Tuesday, May 06, 2008

One Way God Answers Prayer

In Augustine's Confessions, he retells the story of his sneaking away to Rome in spite of his mother's protests that he not go. Here is a section of his account (from Book 5, Chapter 8):

That night I privily departed, but she was not behind in weeping and prayer. And what, O Lord, was she with so many tears asking of Thee, but that Thou wouldest not suffer me to sail? But Thou, in the depth of Thy counsels and hearing the main point of her desire, regardest not what she then asked, that Thou mightest make me what she ever asked.

Did you catch that last part? Augustine says that though his mother's immediate request to God was not granted to her, the "main point of her desire" (namely, that Augustine would be converted) would eventually be granted to her. But this would come only through the denial of her immediate request, for Augustine's time in Rome would prove pivotal to his coming to faith.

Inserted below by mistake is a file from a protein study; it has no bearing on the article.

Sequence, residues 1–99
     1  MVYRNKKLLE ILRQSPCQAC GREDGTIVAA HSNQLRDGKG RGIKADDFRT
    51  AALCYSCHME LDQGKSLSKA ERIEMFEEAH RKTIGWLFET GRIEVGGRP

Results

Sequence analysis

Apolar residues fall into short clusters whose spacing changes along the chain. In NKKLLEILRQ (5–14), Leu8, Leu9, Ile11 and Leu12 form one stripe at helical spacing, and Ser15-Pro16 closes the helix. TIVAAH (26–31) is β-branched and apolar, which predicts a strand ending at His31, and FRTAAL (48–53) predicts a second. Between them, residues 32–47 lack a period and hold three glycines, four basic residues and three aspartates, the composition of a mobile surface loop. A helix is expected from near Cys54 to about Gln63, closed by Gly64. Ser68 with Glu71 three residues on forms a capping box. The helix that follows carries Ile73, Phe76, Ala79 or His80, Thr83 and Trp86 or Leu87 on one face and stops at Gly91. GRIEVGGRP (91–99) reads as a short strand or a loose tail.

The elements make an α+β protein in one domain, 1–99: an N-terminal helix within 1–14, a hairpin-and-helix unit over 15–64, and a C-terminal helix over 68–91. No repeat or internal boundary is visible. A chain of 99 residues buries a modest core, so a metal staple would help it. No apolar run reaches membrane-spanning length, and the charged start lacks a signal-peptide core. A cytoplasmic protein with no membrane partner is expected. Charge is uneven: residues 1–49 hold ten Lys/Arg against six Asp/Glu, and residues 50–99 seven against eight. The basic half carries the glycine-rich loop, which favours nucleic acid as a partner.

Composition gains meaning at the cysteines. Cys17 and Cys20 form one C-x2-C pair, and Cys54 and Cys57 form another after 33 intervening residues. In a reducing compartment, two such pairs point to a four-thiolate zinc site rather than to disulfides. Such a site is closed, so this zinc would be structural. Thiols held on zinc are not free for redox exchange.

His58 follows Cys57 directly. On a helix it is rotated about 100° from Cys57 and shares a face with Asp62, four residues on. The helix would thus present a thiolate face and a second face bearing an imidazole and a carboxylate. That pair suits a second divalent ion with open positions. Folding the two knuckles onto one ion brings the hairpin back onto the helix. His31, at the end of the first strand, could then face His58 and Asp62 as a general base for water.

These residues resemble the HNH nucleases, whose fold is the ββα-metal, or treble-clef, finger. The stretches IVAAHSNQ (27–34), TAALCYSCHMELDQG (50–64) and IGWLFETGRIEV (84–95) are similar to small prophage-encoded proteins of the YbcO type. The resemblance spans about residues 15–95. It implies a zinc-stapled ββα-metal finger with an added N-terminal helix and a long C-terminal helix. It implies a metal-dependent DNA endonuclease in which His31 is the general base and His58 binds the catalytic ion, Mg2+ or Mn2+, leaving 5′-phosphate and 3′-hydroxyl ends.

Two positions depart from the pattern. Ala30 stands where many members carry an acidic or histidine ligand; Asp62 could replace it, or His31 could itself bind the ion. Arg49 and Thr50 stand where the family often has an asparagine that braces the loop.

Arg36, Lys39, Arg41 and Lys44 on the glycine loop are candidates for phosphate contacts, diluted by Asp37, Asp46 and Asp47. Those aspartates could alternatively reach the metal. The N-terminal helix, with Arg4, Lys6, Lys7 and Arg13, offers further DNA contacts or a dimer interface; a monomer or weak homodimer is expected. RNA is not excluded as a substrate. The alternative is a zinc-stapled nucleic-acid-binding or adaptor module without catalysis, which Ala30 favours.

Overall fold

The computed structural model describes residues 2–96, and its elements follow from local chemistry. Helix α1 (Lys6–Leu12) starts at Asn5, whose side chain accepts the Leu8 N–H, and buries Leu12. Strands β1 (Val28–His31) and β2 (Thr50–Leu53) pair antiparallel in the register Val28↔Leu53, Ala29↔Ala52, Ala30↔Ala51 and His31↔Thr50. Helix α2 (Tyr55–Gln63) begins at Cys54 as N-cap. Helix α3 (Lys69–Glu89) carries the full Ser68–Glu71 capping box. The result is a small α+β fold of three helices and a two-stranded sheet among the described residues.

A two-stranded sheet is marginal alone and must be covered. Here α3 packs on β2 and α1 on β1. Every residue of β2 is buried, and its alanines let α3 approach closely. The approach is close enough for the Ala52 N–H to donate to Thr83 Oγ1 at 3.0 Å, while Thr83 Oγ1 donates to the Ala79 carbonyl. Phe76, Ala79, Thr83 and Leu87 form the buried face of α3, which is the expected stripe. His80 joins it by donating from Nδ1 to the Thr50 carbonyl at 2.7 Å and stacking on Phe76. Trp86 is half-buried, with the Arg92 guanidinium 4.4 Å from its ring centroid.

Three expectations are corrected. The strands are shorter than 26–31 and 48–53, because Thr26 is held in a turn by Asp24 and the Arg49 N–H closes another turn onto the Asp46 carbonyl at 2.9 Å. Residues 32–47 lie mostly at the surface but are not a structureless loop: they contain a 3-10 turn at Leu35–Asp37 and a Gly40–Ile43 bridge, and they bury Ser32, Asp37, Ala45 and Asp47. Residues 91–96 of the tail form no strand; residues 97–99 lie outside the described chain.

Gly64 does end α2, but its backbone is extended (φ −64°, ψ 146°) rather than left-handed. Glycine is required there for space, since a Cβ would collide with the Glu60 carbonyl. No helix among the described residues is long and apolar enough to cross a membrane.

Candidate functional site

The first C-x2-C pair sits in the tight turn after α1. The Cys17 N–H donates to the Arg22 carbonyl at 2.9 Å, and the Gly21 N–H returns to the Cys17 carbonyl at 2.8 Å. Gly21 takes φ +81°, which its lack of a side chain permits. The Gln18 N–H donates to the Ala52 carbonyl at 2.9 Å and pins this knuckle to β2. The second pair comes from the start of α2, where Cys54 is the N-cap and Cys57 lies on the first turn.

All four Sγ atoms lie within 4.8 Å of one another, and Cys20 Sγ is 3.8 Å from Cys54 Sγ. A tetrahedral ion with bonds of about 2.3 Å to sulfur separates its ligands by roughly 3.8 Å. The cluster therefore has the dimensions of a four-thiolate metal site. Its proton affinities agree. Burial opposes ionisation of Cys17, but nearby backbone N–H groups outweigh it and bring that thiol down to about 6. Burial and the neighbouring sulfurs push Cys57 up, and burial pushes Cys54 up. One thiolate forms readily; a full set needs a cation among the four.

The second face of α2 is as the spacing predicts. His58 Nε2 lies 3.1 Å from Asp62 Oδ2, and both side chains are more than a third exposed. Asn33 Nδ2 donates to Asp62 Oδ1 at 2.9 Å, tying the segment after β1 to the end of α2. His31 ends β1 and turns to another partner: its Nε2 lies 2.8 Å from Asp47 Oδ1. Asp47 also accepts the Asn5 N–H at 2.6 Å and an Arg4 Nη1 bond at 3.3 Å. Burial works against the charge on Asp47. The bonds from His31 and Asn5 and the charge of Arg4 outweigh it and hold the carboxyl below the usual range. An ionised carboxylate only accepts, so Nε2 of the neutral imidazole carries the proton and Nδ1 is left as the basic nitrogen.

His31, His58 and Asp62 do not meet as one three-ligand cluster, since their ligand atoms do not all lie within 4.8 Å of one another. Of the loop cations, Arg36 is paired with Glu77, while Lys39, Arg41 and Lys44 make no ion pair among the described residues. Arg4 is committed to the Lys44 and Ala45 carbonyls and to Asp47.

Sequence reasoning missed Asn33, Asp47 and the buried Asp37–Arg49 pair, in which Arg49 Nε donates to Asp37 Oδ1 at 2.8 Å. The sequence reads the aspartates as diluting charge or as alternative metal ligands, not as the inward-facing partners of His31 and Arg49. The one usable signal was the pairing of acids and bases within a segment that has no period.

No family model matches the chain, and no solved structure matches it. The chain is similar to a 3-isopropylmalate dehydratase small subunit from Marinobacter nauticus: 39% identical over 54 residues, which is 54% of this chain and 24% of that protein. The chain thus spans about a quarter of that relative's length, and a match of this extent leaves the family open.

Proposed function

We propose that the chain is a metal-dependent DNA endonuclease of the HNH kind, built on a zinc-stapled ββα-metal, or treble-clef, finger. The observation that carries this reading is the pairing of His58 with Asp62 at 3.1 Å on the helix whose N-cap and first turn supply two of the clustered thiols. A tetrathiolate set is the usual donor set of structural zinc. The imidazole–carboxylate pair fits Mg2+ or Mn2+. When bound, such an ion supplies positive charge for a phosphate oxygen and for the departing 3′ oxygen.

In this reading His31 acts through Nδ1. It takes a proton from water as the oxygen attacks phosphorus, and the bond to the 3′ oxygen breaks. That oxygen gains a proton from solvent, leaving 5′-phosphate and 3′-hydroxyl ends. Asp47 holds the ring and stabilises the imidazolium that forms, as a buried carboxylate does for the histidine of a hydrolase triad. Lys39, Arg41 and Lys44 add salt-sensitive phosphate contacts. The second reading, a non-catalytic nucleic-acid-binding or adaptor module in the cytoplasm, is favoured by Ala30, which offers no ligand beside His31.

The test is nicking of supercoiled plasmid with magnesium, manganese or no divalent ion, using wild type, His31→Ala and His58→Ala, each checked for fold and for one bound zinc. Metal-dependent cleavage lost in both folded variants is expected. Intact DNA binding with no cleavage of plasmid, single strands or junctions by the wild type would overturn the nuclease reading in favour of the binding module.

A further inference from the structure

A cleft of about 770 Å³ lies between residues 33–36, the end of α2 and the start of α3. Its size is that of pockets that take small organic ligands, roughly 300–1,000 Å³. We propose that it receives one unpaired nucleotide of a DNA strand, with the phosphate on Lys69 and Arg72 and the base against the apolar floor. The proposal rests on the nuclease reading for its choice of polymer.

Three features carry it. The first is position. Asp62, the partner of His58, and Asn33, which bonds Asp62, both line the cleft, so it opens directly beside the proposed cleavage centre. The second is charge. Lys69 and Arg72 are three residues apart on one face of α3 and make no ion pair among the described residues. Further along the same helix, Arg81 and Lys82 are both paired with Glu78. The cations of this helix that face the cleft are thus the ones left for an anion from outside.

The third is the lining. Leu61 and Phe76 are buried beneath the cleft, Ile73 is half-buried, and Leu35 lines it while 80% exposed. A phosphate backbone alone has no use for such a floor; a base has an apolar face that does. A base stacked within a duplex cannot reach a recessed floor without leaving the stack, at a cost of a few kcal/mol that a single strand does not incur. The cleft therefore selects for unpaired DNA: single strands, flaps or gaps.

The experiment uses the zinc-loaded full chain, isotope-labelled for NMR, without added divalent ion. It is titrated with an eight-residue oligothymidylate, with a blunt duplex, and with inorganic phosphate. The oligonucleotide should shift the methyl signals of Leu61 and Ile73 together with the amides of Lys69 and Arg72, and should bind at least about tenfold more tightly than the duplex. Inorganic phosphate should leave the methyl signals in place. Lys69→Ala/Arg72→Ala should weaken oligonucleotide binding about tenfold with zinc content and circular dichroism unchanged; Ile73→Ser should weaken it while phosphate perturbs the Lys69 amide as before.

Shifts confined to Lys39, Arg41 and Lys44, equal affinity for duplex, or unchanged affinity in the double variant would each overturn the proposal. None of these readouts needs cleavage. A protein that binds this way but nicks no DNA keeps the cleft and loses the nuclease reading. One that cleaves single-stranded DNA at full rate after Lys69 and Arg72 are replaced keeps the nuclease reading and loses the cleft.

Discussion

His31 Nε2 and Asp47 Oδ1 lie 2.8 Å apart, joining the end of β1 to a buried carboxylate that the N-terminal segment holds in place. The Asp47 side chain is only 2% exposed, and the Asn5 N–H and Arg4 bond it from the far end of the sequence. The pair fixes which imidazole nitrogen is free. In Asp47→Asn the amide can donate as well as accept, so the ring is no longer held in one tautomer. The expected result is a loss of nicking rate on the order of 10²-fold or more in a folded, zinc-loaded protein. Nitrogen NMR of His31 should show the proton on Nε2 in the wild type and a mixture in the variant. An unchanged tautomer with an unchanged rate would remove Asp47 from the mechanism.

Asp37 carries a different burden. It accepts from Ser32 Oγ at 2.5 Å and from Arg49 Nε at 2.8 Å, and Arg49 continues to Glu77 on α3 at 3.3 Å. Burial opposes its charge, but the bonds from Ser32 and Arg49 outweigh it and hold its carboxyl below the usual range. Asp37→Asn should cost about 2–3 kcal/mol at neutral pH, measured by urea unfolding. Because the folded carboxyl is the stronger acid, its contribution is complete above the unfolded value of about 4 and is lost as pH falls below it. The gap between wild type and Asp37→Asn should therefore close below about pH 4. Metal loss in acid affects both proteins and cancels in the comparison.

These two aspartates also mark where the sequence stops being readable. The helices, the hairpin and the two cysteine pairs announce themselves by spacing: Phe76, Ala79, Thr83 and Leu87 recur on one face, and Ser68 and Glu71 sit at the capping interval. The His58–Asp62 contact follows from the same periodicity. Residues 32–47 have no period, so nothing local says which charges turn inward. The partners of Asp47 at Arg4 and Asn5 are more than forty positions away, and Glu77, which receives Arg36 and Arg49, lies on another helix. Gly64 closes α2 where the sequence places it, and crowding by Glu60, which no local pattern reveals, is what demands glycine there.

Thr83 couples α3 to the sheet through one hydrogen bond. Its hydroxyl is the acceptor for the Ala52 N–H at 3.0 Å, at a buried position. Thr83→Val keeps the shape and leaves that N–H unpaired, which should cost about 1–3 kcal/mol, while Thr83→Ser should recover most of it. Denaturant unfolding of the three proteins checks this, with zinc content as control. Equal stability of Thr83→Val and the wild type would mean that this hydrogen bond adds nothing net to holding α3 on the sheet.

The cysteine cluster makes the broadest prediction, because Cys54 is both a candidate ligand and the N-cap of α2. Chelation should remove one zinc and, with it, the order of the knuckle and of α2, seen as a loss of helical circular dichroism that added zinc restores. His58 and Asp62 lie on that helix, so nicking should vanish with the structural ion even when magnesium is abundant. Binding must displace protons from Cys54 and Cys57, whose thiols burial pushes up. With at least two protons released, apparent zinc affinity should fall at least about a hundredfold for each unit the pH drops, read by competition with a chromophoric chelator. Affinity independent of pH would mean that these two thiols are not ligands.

I am greatly encouraged by this truth about prayer. Recently our small group was praying for one of our members who had just had a very promising job interview that excited her. It would be a job that would not only pay more but would also allow her to use her giftedness and interests. It sounded like a perfect match. So we were all quite disappointed that she has not gotten the job. But circumstances like this should not cause us to pray less. God, "in the depth of his counsels," is able to answer "the main point of our desire" even when our most immediate request is denied us.

So keep on praying. And then trust that God will answer in ways that he deems best. Remember that requests that are denied do not necessarily mean that God is saying "no" to what we really are asking for.

1 comment:

Anonymous said...

Thanks, Ben. Good words.